Love bombing gets a lot of attention and is usually discussed alongside narcissism or when we discuss trauma bonding. But what I’ve seen more often in my over 35 years of experience is something I call Attention Flooding, which can look like love bombing, but its origins are actually from codependency and feelings of low self-worth. Today I’m teaching you the difference between love bombing and Attention Flooding, the signs to look for, and my top three tips for building healthier and more fulfilling relationships based on mutual respect and genuine affection.
Back in episode 234, I taught you all about the seven stages of trauma bonding, and stage one, love bombing, is an area that gets a lot of attention. Love bombing is when, right away, you have a deep, intense connection with someone. Everything from the hours-long conversations to the sex is amazing! This is when one or both people are completely focused on winning the affection, attention, and love of the other person. There are often grand displays with extravagant dates or gifts.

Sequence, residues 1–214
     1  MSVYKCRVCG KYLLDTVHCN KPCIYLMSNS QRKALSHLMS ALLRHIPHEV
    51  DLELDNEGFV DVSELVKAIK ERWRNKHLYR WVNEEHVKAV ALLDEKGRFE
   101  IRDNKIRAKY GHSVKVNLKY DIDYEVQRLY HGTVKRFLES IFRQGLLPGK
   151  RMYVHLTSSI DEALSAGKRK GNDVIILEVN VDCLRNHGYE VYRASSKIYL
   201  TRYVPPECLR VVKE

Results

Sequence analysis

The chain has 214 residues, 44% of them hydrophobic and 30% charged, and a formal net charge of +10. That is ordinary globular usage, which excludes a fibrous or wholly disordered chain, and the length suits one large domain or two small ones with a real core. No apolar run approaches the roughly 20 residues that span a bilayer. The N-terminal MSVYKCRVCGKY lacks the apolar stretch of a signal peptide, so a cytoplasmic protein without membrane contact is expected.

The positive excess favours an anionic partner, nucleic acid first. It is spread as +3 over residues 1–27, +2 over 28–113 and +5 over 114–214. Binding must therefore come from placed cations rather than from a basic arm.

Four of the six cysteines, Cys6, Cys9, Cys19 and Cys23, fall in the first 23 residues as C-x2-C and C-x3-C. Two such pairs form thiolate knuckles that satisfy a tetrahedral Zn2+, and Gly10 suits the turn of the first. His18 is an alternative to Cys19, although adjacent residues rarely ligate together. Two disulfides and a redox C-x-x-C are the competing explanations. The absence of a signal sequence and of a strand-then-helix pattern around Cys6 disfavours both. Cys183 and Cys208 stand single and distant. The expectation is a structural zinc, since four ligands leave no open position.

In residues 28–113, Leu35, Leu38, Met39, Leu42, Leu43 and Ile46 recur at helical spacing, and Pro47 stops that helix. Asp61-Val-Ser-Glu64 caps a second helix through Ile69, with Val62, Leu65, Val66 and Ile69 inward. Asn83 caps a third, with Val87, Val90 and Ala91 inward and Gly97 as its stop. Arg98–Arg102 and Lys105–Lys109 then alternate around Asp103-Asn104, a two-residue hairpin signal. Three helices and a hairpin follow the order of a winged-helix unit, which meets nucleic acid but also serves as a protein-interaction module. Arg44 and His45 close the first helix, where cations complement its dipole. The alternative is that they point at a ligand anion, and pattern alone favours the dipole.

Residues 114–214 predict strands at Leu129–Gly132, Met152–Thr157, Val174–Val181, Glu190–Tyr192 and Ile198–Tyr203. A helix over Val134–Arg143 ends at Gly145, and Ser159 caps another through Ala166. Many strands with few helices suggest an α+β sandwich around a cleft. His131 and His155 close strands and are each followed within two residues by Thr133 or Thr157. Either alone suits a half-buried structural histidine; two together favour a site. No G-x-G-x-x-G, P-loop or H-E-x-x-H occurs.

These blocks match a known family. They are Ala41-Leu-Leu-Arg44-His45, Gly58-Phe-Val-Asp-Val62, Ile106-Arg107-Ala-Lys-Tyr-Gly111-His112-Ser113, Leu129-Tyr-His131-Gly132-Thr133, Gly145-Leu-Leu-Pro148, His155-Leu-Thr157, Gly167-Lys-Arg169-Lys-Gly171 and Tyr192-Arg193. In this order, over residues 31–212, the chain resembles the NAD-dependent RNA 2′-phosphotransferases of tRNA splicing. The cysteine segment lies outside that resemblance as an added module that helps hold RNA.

A lot of times, love bombing is attached to narcissists or trauma. There’s a sinister character to the way it’s described as in, a narcissist will initially love bomb to “get you” but will then start gaslighting and trying to control you at every turn.
In my 40 years of experience, I’ve definitely seen love bombing like this, but there’s something else I see more commonly. It’s when someone is looking for validation from someone else, thus doing all the things that look like love bombing, but it’s from a lack of self-worth and codependency. It’s coming from a place of not feeling worthy of someone else’s love unless you’re doing for them. I see these types of behavior on a spectrum, from what I call Affection Flooding to Love Drizzles. We can call the whole thing Validation Precipitation since you know I like a catchy phrase you can remember.